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Can Memories Be Stored Anywhere besides the Brain?

Many worm species have the remarkable ability to regenerate organs and other body parts -- even their brains. In 2013, while conducting research to find out more about how animals store and process information, biologists at Tufts University used planarian flatworms to study where memories are stored. After using light to teach the worms where they could find food, the scientists cut off creatures' heads. As expected, the worms completely regrew their heads in just two weeks. Amazingly, the researchers found that those worms still remembered how to find the food. In fact, the worms with new heads had memories as accurate as the control group of worms, which hadn’t been beheaded.

Heads up:

  • The researchers admitted that they don't yet understand how these results could be possible, but they think that the worms' memories must have been stored in other body cells and imprinted onto the new brain as it regenerated.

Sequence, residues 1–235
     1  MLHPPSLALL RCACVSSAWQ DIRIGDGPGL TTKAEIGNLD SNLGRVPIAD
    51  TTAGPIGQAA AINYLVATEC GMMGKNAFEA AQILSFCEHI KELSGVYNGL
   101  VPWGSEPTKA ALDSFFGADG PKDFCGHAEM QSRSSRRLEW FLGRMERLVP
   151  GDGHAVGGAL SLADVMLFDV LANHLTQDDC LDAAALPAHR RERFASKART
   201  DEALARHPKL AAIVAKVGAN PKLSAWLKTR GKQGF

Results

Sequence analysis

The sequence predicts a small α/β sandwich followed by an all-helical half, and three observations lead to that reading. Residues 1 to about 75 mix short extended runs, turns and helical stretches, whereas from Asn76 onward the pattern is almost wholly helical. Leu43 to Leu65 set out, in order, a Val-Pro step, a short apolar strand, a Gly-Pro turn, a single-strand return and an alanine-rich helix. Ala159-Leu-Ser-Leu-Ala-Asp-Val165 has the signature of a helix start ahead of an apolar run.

• In the past, researchers have concentrated on brain studies to investigate how memories are maintained. Tufts biologist Michael Levin said that these results may point researchers in a whole new direction.

  • The answer may come from epigenetic research, which studies how external or environmental factors can switch genes on and off, effectively altering the transcriptional potential of a cell.

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More Info: National Geographic

Discuss this Article

dimchild
Post 2

Apparently they never did any research before publishing their research. Too bad for university researchers and the journal that published their paper.

anon1001123
Post 1

Not sure why scientists would be so astonished that planaria whose brain and/or memory aren't entirely invested in the 'cranium'; octopuses have famously demonstrated that many of their cognitive functions are replicated throughout their bodies and tentacles.

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